Iznik tiles in the Neo-classical Enderûn Library in the Topkapi Palace

Cut down water bottle, probably made inKütahya, dated 1529Deep dish with foliate rim, c. 1530Water bottle, c. 1530-1535Tondino dish, c. 1530–1540Deep dish with foliate rim, c. 1530–1540Ewer, c. 1530-1540

Damascus ware (c. 1540 - c. 1555)

The so-called 'Damascus ware' was popular under Suleiman the Magnificent from 1540 to 1555. Vessels were decorated for the first time with green and purple, in addition to cobalt blue and turquoise, and form a transition towards full-fledged polychrome ceramics.They were mistakenly believed to have originated from Damascus by art collectors in the second half of the 19th century. The name is particular misleading as tiles with a similar palette of pastel colours and floral designs were made in Damascus from the second half of the 16th century.

A key object from this period is a ceramic vessel in the form of a mosque lamp with an inscribed date that is now in the British Museum. It is the best documented surviving piece of Iznik pottery and enables scholars to fix the dates and provenance of other objects. The lamp was discovered on the Temple Mount in Jerusalem in the middle of the 19th century and is believed to have been associated with the refurbishment of the Dome of the Rock initiated by Suleiman the Magnificent. Around the base of the lamp are a series of inscribed cartouches giving the name of the decorator (Musli), a dedication to the Iznik Sufi saint Eşrefzâde Rumi, and the date of AH 956 in the month of Jumada'l-Ula (AD 1549). The lamp is decorated in green, black and two shades of blue. The design includes pale blue cloud-banks, small-scale arabesques on a green ground and a row of tulip buds in dark-blue cartouches. The lamp can be used to date a group of other vessels including some large footed basins. Although the basins are quite different from the lamp in overall style, each basin shares motifs present on the lamp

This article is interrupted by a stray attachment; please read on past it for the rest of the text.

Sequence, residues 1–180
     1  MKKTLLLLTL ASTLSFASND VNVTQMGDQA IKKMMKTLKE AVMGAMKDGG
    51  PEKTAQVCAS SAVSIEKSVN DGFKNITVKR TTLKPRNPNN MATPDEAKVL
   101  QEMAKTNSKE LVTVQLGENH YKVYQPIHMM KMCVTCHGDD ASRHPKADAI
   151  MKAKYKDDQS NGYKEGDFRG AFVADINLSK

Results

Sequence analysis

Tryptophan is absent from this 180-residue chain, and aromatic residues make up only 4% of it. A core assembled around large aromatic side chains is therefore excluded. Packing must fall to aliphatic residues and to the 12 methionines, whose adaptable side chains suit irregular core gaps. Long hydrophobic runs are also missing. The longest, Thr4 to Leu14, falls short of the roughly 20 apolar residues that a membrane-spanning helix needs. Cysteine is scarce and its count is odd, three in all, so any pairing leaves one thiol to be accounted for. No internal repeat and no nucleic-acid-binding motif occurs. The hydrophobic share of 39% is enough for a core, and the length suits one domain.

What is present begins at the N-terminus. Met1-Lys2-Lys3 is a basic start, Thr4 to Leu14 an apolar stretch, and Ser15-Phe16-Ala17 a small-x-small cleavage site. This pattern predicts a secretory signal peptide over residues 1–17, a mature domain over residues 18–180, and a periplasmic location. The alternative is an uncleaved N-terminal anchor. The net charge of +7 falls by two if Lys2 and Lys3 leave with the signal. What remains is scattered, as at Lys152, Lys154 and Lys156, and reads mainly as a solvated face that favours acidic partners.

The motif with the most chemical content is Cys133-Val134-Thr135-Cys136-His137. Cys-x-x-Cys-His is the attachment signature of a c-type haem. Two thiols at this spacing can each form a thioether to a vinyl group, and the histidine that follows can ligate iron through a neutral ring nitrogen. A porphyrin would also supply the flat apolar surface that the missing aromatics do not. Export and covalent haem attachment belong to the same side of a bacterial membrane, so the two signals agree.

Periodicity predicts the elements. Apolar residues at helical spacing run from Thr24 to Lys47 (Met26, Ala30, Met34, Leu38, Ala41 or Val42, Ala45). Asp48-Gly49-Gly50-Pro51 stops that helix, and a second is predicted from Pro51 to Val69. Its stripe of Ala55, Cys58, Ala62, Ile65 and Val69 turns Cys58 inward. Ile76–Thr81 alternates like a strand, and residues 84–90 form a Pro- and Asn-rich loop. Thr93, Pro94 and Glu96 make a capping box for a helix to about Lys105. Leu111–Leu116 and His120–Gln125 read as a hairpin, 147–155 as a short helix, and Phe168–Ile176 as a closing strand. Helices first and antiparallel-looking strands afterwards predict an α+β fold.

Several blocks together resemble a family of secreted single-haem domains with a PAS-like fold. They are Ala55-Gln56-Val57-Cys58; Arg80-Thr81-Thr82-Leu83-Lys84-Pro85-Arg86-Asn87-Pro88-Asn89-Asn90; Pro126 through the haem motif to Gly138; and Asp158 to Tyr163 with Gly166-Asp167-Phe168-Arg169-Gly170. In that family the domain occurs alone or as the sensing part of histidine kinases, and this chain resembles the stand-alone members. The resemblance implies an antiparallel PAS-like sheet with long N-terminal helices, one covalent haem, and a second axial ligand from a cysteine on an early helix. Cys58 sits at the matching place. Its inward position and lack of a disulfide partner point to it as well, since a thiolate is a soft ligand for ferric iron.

Pitcher with flower decoration, c. 1560–1570